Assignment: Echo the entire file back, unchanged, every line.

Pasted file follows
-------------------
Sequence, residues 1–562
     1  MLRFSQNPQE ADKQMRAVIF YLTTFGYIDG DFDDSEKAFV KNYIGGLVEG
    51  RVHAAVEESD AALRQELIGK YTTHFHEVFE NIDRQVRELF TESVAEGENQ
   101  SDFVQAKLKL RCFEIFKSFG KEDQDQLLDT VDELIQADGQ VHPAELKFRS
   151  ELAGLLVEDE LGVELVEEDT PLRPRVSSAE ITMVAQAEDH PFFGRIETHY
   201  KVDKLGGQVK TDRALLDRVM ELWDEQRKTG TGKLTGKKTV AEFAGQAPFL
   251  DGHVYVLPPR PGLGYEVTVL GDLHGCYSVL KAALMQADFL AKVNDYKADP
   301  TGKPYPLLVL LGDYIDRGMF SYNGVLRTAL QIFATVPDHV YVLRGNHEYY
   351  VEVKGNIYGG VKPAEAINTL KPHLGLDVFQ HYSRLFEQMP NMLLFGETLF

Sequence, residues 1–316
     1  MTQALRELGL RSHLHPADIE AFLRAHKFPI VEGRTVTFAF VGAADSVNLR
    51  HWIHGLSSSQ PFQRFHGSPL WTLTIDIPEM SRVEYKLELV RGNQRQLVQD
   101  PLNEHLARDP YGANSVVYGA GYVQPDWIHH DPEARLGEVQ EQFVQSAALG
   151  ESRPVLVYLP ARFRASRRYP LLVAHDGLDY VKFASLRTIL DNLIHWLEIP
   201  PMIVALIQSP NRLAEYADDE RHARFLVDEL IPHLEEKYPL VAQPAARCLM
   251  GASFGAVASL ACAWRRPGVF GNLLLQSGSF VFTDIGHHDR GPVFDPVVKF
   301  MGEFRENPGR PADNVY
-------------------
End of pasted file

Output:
Sequence, residues 1–562
     1  MLRFSQNPQE ADKQMRAVIF YLTTFGYIDG DFDDSEKAFV KNYIGGLVEG
    51  RVHAAVEESD AALRQELIGK YTTHFHEVFE NIDRQVRELF TESVAEGENQ
   101  SDFVQAKLKL RCFEIFKSFG KEDQDQLLDT VDELIQADGQ VHPAELKFRS
   151  ELAGLLVEDE LGVELVEEDT PLRPRVSSAE ITMVAQAEDH PFFGRIETHY
   201  KVDKLGGQVK TDRALLDRVM ELWDEQRKTG TGKLTGKKTV AEFAGQAPFL
   251  DGHVYVLPPR PGLGYEVTVL GDLHGCYSVL KAALMQADFL AKVNDYKADP
   301  TGKPYPLLVL LGDYIDRGMF SYNGVLRTAL QIFATVPDHV YVLRGNHEYY
   351  VEVKGNIYGG VKPAEAINTL KPHLGLDVFQ HYSRLFEQMP NMLLFGETLF

Sequence, residues 1–316
     1  MTQALRELGL RSHLHPADIE AFLRAHKFPI VEGRTVTFAF VGAADSVNLR
    51  HWIHGLSSSQ PFQRFHGSPL WTLTIDIPEM SRVEYKLELV RGNQRQLVQD
   101  PLNEHLARDP YGANSVVYGA GYVQPDWIHH DPEARLGEVQ EQFVQSAALG
   151  ESRPVLVYLP ARFRASRRYP LLVAHDGLDY VKFASLRTIL DNLIHWLEIP
   201  PMIVALIQSP NRLAEYADDE RHARFLVDEL IPHLEEKYPL VAQPAARCLM
   251  GASFGAVASL ACAWRRPGVF GNLLLQSGSF VFTDIGHHDR GPVFDPVVKF
   301  MGEFRENPGR PADNVY